# Farey Dissection

Standard

The Farey sequence $\mathcal{F}_n$ of order $n$ is the ascending sequence of irreducible fractions between 0 and 1, whose denominators do not exceed $n$. This sequence was discovered by Charles Haros in 1806, but Augustin-Louis Cauchy named it after geologist John Farey.

Thus $\frac{h}{k}$ belongs to $\mathcal{F}_n$ if $0\leq h\leq k\leq n$ and $\text{gcd}(h,k)=1$, the numbers 0 and 1 are included in the forms $\frac{0}{1}$ and $\frac{1}{1}$. For example,
$\displaystyle{\mathcal{F}_5 = \frac{0}{1},\frac{1}{5},\frac{1}{4},\frac{1}{3},\frac{2}{5},\frac{1}{2},\frac{3}{5},\frac{2}{3},\frac{3}{4},\frac{4}{5},\frac{1}{1}}$

Following are the  characteristic properties of Farey sequence (for proofs refer §3.3, §3.4 and §3.7 of G. H. Hardy and E. M. Wright’s An Introduction to the Theory of Numbers):

1. If $\displaystyle{\frac{h}{k}}$ and $\displaystyle{\frac{h'}{k'}}$ are two successive terms of $\mathcal{F}_n$, then $kh'-hk'=1$.
2. If $\displaystyle{\frac{h}{k}}$$\displaystyle{\frac{h''}{k''}}$ and $\displaystyle{\frac{h'}{k'}}$ are three successive terms of $\mathcal{F}_n$, then $\displaystyle{\frac{h''}{k''}=\frac{h+h'}{k+k'}}$.
3. If $\displaystyle{\frac{h}{k}}$ and $\displaystyle{\frac{h'}{k'}}$ are two successive terms of $\mathcal{F}_n$, then the mediant $\displaystyle{\frac{h+h'}{k+k'}}$ of $\displaystyle{\frac{h}{k}}$ and $\displaystyle{\frac{h'}{k'}}$ falls in the interval $\displaystyle{\left(\frac{h}{k},\frac{h'}{k'}\right)}$.
4. If $n>1$, then no two successive terms of $\mathcal{F}_n$ have the same denominator.

The Stern-Brocot tree, which we saw earlier while understanding the working of clocks, is a data structure showing how the sequence is built up from 0 (=0/1) and 1 (=1/1) by taking successive mediants.

Now, consider a circle $\mathcal{C}$ of unit circumference, and an arbitrary point $O$ of the circumference as the representative of 0 (zero), and represent a real number $x$ by the point $P_x$ whose distance from $O$, measured round the circumference in the anti-clockwise direction, is $x$.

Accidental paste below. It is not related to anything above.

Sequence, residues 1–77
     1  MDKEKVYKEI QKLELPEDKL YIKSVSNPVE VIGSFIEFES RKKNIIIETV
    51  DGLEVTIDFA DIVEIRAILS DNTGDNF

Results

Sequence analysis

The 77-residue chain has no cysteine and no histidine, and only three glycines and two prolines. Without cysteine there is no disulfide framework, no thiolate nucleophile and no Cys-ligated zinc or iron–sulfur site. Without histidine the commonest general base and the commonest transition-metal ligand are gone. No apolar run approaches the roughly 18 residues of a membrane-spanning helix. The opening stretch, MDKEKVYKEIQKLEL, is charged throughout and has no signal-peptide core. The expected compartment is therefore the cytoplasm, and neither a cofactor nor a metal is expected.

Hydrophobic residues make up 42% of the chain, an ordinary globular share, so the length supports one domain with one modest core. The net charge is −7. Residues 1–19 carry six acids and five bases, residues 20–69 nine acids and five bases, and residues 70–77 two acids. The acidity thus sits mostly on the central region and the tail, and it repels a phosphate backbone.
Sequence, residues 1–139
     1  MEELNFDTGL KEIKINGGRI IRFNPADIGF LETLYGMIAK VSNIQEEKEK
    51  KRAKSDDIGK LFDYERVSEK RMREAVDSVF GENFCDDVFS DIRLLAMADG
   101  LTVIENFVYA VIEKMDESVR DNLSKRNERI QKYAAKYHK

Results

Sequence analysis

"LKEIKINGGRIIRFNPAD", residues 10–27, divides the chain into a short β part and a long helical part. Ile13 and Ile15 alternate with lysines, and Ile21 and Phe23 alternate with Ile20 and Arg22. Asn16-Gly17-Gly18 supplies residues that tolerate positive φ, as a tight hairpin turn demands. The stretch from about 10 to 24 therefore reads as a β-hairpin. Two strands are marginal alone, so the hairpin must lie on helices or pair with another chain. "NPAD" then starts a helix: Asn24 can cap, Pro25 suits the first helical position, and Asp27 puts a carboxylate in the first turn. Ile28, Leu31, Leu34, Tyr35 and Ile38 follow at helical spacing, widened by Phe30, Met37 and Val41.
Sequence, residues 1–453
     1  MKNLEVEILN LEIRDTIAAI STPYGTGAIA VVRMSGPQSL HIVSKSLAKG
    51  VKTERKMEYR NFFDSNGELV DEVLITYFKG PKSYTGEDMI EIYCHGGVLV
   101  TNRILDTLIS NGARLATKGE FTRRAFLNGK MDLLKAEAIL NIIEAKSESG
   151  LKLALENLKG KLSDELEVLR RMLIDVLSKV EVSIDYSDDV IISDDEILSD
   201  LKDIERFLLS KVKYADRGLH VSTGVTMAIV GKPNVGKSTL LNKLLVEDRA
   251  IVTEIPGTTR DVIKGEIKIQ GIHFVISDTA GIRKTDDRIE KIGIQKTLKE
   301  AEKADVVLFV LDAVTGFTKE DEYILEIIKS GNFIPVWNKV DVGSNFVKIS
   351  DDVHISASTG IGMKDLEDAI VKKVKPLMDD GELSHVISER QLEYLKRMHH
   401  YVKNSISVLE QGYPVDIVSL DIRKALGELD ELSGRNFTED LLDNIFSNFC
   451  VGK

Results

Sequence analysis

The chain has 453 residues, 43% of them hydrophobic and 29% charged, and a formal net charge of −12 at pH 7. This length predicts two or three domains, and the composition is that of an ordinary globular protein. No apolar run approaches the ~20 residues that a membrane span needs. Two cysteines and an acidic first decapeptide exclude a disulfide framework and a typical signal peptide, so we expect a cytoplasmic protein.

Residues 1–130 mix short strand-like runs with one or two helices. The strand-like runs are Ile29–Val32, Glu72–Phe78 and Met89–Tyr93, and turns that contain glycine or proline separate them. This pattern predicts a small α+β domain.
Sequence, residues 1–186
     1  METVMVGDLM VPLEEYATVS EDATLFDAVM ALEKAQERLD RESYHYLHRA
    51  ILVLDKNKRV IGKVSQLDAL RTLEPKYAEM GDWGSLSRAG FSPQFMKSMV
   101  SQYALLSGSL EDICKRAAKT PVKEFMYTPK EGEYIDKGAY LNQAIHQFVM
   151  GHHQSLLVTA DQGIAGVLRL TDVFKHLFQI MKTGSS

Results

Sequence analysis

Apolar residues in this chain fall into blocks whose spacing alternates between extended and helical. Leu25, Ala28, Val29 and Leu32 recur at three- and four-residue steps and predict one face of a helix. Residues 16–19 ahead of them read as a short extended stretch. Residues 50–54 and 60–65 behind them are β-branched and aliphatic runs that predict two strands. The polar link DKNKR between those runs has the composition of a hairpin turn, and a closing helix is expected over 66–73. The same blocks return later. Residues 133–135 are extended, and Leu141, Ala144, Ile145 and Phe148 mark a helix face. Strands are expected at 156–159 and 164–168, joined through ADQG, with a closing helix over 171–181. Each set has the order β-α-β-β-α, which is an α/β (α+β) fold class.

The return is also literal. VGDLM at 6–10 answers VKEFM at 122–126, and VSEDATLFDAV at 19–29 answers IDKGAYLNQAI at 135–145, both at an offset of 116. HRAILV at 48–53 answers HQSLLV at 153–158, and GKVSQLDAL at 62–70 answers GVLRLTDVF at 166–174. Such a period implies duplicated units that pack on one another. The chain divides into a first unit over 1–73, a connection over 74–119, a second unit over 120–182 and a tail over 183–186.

Plainly all integers are represented by the same point $O$, and numbers which differ by an integer have the same representative point.

Now we will divide the circumference of the circle $\mathcal{C}$ in the following manner:

1. We take the Farey sequence $\mathcal{F}_n$, and form all the mediants $\displaystyle{\theta = \frac{h+h'}{k+k'}}$ of the successive pairs $\displaystyle{\frac{h}{k}}$$\displaystyle{\frac{h'}{k'}}$. The first and last mediants are $\displaystyle{\frac{1}{n+1}}$ and $\displaystyle{\frac{n}{n+1}}$. The mediants naturally do not belong themselves to $\mathcal{F}_n$.
2. We now represent each mediant $\theta$ by the point $P_\theta$. The circle is thus divided up into arcs which we call Farey arcs, each bounded by two points $P_\theta$ and containing  one Farey point, the representative of a term of $\mathcal{F}_n$. Thus $\displaystyle{\left(\frac{n}{n+1},\frac{1}{n+1}\right)}$ is a Farey arc containing the one Farey point $O$.

The aggregate of Farey arcs is called Farey dissection of the circle. For example, the sequence of mediants for $n=5$, say $\mathcal{M}_5$ is
$\displaystyle{\mathcal{M}_5 = \frac{1}{6},\frac{2}{9},\frac{2}{7},\frac{3}{8},\frac{3}{7},\frac{4}{7},\frac{5}{8},\frac{5}{7},\frac{7}{9},\frac{5}{6}}$

And hence the Farey disscetion looks like:

Let $n>1$. If $P_{h/k}$ is a Farey point, and$\frac{h_1}{k_1}$, $\frac{h_2}{k_2}$ are the terms of $\mathcal{F}_n$ which precede and follow $\frac{h}{k}$, then the Farey arc around $P_{h/k}$ is composed of two parts, whose lengths are
$\displaystyle{\frac{h}{k}-\frac{h+h_1}{k+k_1}=\frac{1}{k+k_1}, \qquad \frac{h+h_2}{k+k_2}-\frac{h}{k}=\frac{1}{k(k+k_2)}}$
respectively. Now $k+k_1<2n$, since $k_1$ and $k_2$ are unequal (using the point (4.) stated above)and neither exceeds $n$; and $k+k_1>n$ (using the point (3.) stated above). We thus obtain:

Theorem: In the Farey dissection of order $n$, there $n>1$, each part of the arc which contains the representative $\displaystyle{\frac{h}{k}}$ has a length between $\displaystyle{\frac{1}{k(2n-1)}}$ and $\displaystyle{\frac{1}{k(n+1)}}$.

For example, for $\mathcal{F}_5$ we have:

Using the above result, one can prove the following result about rational approximations (for more discussion, see §6.2 of  Niven-Zuckerman-Montgomery’s An Introduction to the Theory of Numbers):

Theorem: If $x$ is a real number, and $n$ a positive integer, then there is an irriducible fraction $\displaystyle{\frac{h}{k}}$ such that $0 and $\displaystyle{\left| x-\frac{h}{k}\right| \leq \frac{1}{k(n+1)}}$

One can construct a geometric proof of Kronceker’s theorem in one dimension using this concept of Farey dissection. See §23.2 of G. H. Hardy and E. M. Wright’s An Introduction to the Theory of Numbers  for details.